It seems in the last few months that there has been an explosion of media interest around our gut microbiome and how probiotics – good bacteria – influence our health. We now know that we have more bacteria in our body than anything else. From the microbes that influence our skin health and are our first line of defence against the bad bugs around us, through to our digestive tract, bladder, heart, even our brain, we are a walking talking bacteria factory. So it makes sense that clinical research would be focusing on which bacteria support health, and which need to be eliminated for optimum health and vitality in the human body.
Traditionally, cultures that had fermented foods in their diet on a daily basis seemed to experience better overall health and longevity. It was while studying these cultures to find their secrets that “probiotics” were discovered by Elie Metchnikoff at the beginning of the 20th century. Since then, the scientific community has continued to grow the knowledge around these tiny, invisible to the naked eye, life supporting microbes.
Specific Strains of Probiotics
Modern research has found that specific bacteria strains are involved in differing areas of our health, and that thousands of strains exist, some with overlapping roles. Certain strains like Lactococcus lactis support healthy digestion so we have access to the life giving nutrients in our food, Bifidobacterium bifidum help us to produce vitamins, Lactobacillus helveticus helps to balance the quality of our bowel motions. A healthy immune response can be supported by good bacteria such as Lactobacillus rhamnosus, which has also been shown to support healthy skin. Our digestive tract starts with our mouth, and good bacteria such as Lactobacillus salivarius can support healthy gums. Probiotics have even been found to influence our brain chemistry and ultimately support brain health and healthy mood. Ongoing research is showing the symbiotic relationship between the gut flora and signals in parts of our brain- which could be promising for those in the search for an answer to Alzheimers.
In the past it was thought that high doses of probiotic strains was the answer to supporting good health, but we now understand that it is more down to introducing the specific strains for the issue at hand as to the end benefits for our health.
A Microflora Imbalance
Negative changes in the gut flora can lead to chronic diseases of the digestive tract, bad breath, urinary tract infections, lowered immunity, the expression of allergic symptoms and skin issues. Some strains of good bacteria have actions that include supporting the body to bring the gut flora back into balance. Bifidobacterium longum is an example of a probiotic that can help to conquer an overgrowth of bad bacteria, while Bifidobacterium bifidum can lower the pH in the large intestine to promote a healthy digestive environment for the good bacteria to flourish.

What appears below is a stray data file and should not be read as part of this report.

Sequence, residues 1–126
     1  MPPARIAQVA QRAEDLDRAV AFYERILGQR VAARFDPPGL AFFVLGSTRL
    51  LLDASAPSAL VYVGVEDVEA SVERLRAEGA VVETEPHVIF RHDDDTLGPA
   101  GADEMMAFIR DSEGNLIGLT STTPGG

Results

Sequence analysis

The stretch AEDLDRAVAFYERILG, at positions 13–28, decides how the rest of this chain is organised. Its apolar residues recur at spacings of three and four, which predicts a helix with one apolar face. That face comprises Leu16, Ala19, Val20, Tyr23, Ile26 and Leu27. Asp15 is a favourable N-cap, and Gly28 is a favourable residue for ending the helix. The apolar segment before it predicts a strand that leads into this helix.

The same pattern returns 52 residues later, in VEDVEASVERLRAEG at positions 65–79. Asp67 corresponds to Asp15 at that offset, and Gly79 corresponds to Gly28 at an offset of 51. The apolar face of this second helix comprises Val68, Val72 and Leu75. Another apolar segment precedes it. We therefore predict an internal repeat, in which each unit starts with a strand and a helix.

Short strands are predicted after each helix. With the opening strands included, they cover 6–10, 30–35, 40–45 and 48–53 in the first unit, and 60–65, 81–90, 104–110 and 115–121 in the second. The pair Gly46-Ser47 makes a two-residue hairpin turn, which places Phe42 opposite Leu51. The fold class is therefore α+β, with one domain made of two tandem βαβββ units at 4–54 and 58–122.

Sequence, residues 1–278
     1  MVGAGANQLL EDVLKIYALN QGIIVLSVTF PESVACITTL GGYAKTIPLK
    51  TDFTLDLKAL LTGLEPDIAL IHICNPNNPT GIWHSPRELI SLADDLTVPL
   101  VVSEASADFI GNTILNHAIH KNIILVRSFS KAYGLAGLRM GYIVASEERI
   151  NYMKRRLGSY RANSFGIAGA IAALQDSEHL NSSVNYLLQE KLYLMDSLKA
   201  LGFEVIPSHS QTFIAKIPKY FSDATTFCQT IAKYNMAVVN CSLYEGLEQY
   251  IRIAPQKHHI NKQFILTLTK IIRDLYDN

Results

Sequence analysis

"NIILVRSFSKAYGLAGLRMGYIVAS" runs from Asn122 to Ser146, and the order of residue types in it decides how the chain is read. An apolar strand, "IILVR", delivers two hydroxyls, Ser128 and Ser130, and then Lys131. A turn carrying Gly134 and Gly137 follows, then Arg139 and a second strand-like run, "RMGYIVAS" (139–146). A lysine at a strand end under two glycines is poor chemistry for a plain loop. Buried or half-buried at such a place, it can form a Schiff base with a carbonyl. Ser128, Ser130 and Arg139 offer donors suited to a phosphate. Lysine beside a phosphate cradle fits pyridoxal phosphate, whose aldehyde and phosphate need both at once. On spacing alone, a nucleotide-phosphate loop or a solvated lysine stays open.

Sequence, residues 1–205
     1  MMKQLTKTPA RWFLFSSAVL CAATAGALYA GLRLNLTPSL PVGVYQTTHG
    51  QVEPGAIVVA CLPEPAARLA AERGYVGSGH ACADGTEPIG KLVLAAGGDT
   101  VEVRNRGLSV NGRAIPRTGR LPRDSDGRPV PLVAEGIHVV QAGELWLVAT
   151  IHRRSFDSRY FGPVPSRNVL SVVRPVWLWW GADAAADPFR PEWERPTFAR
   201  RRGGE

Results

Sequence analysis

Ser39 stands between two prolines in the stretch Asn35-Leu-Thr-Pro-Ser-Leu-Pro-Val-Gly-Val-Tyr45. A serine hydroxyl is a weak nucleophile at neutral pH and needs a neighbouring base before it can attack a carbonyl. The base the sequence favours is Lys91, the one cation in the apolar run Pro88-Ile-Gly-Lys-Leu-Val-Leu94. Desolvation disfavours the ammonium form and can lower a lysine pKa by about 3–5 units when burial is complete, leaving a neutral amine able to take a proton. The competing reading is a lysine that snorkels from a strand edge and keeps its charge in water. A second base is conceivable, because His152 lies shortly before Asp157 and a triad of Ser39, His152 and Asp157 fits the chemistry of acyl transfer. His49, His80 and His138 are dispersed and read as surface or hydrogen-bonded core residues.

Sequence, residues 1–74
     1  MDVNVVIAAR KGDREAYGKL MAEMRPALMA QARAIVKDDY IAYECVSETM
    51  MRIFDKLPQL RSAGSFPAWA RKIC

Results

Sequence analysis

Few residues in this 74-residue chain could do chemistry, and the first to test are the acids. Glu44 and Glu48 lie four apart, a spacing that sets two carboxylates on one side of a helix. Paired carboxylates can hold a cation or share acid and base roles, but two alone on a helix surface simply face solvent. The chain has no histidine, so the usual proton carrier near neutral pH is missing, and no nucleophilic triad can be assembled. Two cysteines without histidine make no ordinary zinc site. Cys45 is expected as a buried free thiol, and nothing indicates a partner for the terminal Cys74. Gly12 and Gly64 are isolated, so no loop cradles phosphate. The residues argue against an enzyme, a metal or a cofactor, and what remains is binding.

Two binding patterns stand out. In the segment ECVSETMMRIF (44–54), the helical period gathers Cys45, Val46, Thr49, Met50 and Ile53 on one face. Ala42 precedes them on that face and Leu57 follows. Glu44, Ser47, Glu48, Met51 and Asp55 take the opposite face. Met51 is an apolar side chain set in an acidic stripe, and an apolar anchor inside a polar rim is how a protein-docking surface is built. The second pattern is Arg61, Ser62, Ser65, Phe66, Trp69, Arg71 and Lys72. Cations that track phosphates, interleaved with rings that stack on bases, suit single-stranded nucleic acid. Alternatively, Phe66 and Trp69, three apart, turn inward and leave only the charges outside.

Documentaries like New Zealand Chef Simon Gault’s recent journey in “Why are we Fat” have experts talking about the importance of the gut flora on healthy weight management. The right probiotic species can support balanced blood sugar levels and healthy cholesterol levels.
Research into understanding what causes our good bacteria to go out of balance has revealed multiple possibilities, and usually it is a combination of factors that leave us requiring a probiotic top-up. It can start as early as the day we are born. A caesarean delivery, a fast entry into the world, or a water birth can mean we do not pick up the good bacteria from our mothers during the birthing process. Courses of anti-biotics can drastically reduce our gut flora and for some people it can take up to a year for the body to naturally recover, and in the mean-time our immunity is vulnerable. A tummy bug, a virus, poor diet, alcohol, smoking or stressful times can all play havoc with our bacterial balance. People with chronic digestive issues tend to suffer from low levels of good bacteria, though this can be a “chicken or the egg” scenario- which really came first?
Getting Enough Probiotics in the Diet
Going back to traditional forms of diets is a popular choice with those currently seeking a healthy lifestyle, as is eating wholefoods in preference to highly processed foods. The fibre from these healthy food choices supports bowel health and the growth of good bacteria. Including fermented food in your diet can be supportive for gut health, and if you have an ongoing health issue or need support to remedy a short term imbalance it would be worth investigating also taking a clinically researched probiotic supplement.
By Karin Spicer N.D.
TAPS No: PP1418
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